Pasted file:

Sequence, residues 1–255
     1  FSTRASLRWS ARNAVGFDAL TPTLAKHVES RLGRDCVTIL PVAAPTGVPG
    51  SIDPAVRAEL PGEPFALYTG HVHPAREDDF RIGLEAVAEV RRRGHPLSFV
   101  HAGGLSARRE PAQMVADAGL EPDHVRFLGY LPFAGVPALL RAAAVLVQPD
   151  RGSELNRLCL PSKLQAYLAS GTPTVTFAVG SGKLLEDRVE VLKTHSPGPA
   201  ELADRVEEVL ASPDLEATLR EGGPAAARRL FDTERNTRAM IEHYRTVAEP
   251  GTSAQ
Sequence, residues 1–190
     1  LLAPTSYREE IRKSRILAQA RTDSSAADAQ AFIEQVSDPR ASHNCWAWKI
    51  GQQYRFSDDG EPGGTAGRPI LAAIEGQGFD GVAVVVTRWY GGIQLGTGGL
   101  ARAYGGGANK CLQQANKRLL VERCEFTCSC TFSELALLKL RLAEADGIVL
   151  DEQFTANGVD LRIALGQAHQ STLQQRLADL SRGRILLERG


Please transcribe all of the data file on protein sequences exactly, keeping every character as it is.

Sequence, residues 1–255
     1  FSTRASLRWS ARNAVGFDAL TPTLAKHVES RLGRDCVTIL PVAAPTGVPG
    51  SIDPAVRAEL PGEPFALYTG HVHPAREDDF RIGLEAVAEV RRRGHPLSFV
   101  HAGGLSARRE PAQMVADAGL EPDHVRFLGY LPFAGVPALL RAAAVLVQPD
   151  RGSELNRLCL PSKLQAYLAS GTPTVTFAVG SGKLLEDRVE VLKTHSPGPA
   201  ELADRVEEVL ASPDLEATLR EGGPAAARRL FDTERNTRAM IEHYRTVAEP
   251  GTSAQ
Sequence, residues 1–190
     1  LLAPTSYREE IRKSRILAQA RTDSSAADAQ AFIEQVSDPR ASHNCWAWKI
    51  GQQYRFSDDG EPGGTAGRPI LAAIEGQGFD GVAVVVTRWY GGIQLGTGGL
   101  ARAYGGGANK CLQQANKRLL VERCEFTCSC TFSELALLKL RLAEADGIVL
   151  DEQFTANGVD LRIALGQAHQ STLQQRLADL SRGRILLERG